Leaving Misahualli a small remote dilapidated port at the junction of the Napo and Misahualli Rivers our first stop would have been the Sumaco Napo-Galeras National Park with its Volcano soaring 3723 meters above the dense jungle. (thick fog and rain stopped us)
Next major town is Coca the gateway to Yasuni National Park. Great town to do shopping before heading into the Oriente. Until the 1980s, Coca was a small outpost on the junction of the Coca, Payamino, and Napo Rivers. With the discovery of nearby oil reserves in the 1980s, Coca rapidly grew and population, with the help of hefty investments from foreign oil companies. It now has a population of about 20,000 inhabitants. While oil remains an important industry, city government has been investing in tourism infrastructure and marketing the area to travellers for the past ten years.
The two sectors are often at odds, as oil extraction has caused considerable degradation to the surrounding jungle, reducing potential for tourism. Yasuni National Park south of Coca is Ecuador’s largest mainland National Park. Yasuní is mostly uninhabited, except for several Huaorani indigenous families who have lived within the park boundaries for generations. The Ecuadorian government gave “Conoco,” a U.S. based oil company, the right to begin exploitation within the Park but Maxus Oil Consortium and currently YPF of Argentina later replaced it. Since then, a 110-km road has been built into the area for the use of oil workers, locals, researchers and travellers like us.
The other main attraction is Limoncocha Biological Reserve, on the north shore of the Napo River between the Coca and Aguarico rivers. The Reserve also contains the Laguna Limoncocha where Quichua families live and grow mainly subsistence products along with some cash crops. Petroleum activities during the 1980s and 1990s have negatively impacted this region and its people. Therefore, the community is welcoming tourist. Our next stop was Cuyabeno Reserve and the end of the road.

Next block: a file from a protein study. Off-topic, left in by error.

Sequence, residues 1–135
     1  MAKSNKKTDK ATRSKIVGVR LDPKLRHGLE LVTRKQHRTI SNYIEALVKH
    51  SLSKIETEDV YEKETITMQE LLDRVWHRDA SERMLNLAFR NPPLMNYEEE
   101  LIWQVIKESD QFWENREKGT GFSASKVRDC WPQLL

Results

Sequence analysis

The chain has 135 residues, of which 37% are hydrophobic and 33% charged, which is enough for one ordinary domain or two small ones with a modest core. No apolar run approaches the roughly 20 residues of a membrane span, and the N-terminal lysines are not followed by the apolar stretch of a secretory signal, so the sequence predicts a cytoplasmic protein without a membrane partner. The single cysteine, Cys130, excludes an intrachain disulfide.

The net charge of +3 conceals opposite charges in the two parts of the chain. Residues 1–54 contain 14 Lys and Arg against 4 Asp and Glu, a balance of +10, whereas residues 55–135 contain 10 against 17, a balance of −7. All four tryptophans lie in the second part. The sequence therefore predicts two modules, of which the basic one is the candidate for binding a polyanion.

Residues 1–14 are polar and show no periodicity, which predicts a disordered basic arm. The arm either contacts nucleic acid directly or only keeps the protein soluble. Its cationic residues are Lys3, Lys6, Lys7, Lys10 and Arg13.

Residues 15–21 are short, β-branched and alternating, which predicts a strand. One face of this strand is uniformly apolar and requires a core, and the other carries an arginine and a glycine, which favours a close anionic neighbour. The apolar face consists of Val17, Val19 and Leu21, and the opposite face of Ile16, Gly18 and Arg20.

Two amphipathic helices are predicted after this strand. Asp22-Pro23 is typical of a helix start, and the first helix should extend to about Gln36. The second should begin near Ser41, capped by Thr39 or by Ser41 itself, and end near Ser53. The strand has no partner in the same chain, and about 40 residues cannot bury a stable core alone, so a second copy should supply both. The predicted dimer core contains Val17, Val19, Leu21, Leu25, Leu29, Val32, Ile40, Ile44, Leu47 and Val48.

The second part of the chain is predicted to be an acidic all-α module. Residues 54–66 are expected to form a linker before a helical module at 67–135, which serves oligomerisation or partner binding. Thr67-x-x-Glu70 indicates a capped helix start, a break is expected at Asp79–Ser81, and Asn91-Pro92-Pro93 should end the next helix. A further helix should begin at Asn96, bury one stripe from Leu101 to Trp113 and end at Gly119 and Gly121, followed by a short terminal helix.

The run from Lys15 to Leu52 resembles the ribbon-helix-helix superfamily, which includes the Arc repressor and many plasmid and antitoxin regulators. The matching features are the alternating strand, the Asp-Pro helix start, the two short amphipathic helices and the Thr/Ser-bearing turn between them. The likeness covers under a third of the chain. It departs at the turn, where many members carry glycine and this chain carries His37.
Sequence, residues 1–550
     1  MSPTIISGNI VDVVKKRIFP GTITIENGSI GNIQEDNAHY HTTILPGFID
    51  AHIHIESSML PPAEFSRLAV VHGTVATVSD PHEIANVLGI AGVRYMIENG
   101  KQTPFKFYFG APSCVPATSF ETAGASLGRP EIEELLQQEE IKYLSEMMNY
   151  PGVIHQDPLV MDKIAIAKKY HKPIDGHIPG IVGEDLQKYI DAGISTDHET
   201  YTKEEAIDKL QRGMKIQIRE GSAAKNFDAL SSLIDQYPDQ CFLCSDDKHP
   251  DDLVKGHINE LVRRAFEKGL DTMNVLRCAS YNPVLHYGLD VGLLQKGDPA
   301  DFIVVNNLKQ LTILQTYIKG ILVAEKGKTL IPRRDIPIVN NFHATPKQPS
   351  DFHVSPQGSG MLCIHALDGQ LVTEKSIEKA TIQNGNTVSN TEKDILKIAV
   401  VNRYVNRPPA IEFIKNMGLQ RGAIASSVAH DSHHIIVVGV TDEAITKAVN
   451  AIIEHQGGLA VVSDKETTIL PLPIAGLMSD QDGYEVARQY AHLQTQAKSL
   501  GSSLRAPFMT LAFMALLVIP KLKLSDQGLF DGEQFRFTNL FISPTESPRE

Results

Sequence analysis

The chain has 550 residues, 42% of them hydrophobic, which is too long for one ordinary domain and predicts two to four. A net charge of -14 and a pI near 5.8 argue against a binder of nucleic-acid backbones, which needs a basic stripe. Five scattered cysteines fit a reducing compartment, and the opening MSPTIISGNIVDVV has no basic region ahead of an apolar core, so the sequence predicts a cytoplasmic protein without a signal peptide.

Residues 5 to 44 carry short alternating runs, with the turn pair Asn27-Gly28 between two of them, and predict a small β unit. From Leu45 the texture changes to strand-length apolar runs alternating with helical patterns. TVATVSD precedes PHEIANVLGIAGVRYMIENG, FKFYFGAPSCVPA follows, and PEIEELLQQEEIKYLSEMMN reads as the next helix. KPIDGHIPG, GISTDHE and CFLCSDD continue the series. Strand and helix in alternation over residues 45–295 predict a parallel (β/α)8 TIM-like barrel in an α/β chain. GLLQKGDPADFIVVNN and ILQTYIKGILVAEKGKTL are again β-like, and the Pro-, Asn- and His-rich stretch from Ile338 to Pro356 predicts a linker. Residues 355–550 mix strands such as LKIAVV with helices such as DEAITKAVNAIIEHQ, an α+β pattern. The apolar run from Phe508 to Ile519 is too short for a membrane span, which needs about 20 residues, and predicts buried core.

Enroute we crossed a few times from the Southern Hemisphere to the Northern Hemisphere (crossing the Ecuador) travelling from Spring in the southern hemisphere to Autumn in the Northern Hemisphere. Only major town in the area is Lake Agrio close to the Colombian Border. In the 1960s, Lake Agrion (Nueva Loja in the 60’s) mushroomed in size and importance, as a base camp for the US oil company Texaco. According to some sources, the city was then called Source Lake, but was later changed to Lago Agrio (sour lake) because foreign oil workers suffered from long workdays and strenuous working conditions.
Others claim the name Lago Agrio comes from Sour Lake, Texas, which is the US headquarters of Texaco. Another 100KM East close to the Colombia and Peru Border is Cuyabeno Reserve. 605000 hectare of tropical rainforest fauna include several species of monkey, birds, caimans, piranhas, turtles, and conga ants. Freshwater dolphins, giant armadillos, anacondas, and manatees are also occasionally spotted.
The main watershed of the Reserve consists of the Aguarico and the San Miguel Rivers, and the Cuyabeno River and its tributaries. Halfway down the Cuyabeno there is a system of 14 spectacular lagoons created by lowland rainforest floods, typical of the wet season. Petroleum extraction and the activities derived from the oil industry such as road building, colonization, and agriculture have negatively impacted the environment. A variety of indigenous groups, including the Cofan, the Siona, and the Secoya have traditionally inhabited the area.
Imuya, a network of lagoon and rivers in the remote south-east corner of the Cuyabeno reserve is home to pink freshwater dolphins, red howler monkeys, scarlet macaws and the myriad of other wildlife species. Although Imuya (which means River of the Howler Monkeys in Paincoca, the language of the Secoya people) is uninhabited, a journey to the Amazon would be incomplete without meeting the indigenous people who live there.
For this reason, find a tour that is led by a Siona, Secoya or Cofan guide. Our guide was superb and with his help we found several Anaconda’s one was 8 metres long and weight over 200KG see video clip at http://www.doubledutchworldsafari.com.au/video-gallery/south-america/ecuador/This entry was posted in Latest Update